The vet was called and did radiographs and ultrasound. Radiographs were "good for a 20 year old Dressage horse in work"---nothing significant, actually rather good---ultrasound did not find annular ligament lesions or calcifications. However, the soft tissues (Suspensory, DDFT, SDFT) were abnormally hard and tight to palpation. Her diagnosis was Atypical Degenerative Suspensory Ligament Disease. She prescribed going to 2 degree wedges, MSM and Previcox. (I am purposing withholding comment here.) She also said that she was considering a Chinese herb (sounded like eeooo-something?). Today, the vet called to say that she had called her mentor at Virginia Tech who questioned the DSLD DX and wondered whether or not it could be something neurological, involving the DDFT, possibly stemming from the back. They are discussing whether or not to cut the DDFT---I guess as sort of an experiment as he says he has only seen 2-3 other horses with this.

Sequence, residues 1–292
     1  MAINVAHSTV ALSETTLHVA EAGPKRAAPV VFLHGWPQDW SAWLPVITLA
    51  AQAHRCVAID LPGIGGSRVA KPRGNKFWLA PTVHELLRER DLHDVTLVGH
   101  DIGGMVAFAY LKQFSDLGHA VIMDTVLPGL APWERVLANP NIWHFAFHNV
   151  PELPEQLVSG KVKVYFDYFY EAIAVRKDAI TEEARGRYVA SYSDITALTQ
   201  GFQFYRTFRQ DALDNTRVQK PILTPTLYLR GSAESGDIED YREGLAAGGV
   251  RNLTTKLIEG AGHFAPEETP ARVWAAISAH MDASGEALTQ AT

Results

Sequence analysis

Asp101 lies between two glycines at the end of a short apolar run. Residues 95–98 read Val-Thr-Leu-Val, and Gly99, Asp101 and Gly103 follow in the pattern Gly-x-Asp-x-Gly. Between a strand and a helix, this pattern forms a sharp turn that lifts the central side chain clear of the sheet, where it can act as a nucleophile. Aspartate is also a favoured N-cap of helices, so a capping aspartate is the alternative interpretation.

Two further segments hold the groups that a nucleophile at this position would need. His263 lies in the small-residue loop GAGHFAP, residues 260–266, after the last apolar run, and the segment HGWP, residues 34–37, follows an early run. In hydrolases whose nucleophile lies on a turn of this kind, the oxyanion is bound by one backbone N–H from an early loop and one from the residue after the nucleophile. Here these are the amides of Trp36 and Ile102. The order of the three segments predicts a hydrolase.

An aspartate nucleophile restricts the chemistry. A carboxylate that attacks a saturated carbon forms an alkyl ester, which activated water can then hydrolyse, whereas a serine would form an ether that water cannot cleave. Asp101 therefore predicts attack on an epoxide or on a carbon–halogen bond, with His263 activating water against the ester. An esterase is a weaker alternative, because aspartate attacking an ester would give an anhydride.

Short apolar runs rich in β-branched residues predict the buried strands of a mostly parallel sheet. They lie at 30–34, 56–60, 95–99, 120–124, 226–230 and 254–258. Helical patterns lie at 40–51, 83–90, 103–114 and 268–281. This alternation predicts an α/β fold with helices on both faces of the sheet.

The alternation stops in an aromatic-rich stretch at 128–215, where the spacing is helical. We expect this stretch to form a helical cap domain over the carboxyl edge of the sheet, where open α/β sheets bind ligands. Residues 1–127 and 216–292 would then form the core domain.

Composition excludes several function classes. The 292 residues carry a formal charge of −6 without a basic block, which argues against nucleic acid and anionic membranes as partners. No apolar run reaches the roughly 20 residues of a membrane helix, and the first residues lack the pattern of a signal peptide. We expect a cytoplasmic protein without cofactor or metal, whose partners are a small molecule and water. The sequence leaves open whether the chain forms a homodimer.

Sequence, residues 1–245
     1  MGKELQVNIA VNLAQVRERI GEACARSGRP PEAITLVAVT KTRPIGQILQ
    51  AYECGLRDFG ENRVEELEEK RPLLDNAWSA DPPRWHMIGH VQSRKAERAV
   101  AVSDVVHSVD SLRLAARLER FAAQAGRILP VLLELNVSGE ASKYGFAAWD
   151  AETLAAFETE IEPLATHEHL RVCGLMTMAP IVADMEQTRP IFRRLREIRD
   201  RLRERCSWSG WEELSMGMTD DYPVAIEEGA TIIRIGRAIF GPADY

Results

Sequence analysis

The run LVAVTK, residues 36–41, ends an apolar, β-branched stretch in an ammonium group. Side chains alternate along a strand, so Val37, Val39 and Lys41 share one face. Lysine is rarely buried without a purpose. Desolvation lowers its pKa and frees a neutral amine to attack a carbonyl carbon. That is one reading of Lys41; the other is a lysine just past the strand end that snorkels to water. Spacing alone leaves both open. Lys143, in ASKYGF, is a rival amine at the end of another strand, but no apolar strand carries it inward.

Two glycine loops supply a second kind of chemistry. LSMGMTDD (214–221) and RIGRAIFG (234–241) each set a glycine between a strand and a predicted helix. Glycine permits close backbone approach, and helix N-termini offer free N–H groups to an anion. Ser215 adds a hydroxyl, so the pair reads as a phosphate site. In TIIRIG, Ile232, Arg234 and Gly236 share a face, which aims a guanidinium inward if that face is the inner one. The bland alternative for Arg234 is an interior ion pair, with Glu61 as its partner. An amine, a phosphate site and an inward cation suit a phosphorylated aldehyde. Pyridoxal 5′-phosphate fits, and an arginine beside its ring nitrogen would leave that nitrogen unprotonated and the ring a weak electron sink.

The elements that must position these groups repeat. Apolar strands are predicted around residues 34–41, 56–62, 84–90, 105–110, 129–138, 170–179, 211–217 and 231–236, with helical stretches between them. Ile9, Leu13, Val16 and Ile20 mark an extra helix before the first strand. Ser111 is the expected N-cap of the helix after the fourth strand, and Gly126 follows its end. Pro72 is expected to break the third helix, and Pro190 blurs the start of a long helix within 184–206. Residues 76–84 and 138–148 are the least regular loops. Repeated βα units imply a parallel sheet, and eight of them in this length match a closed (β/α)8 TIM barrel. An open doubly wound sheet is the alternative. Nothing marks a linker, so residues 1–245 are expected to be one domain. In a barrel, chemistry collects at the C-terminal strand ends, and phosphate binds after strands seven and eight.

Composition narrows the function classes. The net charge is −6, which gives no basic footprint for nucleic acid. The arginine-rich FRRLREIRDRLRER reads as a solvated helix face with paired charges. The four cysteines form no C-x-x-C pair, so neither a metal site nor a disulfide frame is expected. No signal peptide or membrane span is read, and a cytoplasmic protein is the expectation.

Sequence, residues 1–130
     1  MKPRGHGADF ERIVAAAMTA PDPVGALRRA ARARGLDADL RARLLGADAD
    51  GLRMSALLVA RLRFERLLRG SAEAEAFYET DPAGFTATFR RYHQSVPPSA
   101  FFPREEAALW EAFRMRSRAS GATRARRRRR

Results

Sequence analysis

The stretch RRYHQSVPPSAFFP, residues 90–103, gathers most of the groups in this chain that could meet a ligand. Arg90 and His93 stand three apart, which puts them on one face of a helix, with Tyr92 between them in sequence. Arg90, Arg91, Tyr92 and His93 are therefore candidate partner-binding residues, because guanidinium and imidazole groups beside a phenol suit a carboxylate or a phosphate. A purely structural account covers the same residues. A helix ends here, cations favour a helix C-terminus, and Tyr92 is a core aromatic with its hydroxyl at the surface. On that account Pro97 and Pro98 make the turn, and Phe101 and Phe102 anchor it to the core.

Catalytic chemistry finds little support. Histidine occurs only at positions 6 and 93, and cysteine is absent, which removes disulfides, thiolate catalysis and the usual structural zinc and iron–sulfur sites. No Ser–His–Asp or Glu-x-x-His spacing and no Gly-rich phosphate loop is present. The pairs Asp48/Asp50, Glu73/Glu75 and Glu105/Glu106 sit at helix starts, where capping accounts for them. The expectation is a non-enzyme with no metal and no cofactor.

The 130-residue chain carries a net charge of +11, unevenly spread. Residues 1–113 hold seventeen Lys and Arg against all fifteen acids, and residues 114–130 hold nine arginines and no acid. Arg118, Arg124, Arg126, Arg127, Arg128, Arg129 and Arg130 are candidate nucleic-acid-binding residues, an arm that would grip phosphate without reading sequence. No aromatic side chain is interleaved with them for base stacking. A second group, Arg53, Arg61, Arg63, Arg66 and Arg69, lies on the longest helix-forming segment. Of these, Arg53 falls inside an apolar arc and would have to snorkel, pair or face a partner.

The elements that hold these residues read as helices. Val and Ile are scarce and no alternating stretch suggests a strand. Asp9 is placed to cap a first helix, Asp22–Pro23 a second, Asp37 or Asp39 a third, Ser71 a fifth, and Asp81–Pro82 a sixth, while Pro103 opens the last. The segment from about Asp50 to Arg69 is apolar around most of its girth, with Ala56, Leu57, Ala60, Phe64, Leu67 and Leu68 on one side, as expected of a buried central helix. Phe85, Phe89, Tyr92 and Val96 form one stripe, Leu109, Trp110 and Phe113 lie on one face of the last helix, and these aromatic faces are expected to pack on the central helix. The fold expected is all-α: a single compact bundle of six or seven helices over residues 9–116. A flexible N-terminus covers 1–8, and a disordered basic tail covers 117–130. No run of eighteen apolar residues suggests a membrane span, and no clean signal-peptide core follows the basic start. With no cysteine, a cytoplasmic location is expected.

I am an equine bodyworker who attended every class/workshop/clinic/lecture offered by ESI that I could during the mid-1990's. While taking my certification course in CT over 20 years ago, one of our Project Horses was exactly like this mare in every way. He was eventually euthanized. I 1996 I moved from CA to VA and have been practicing here.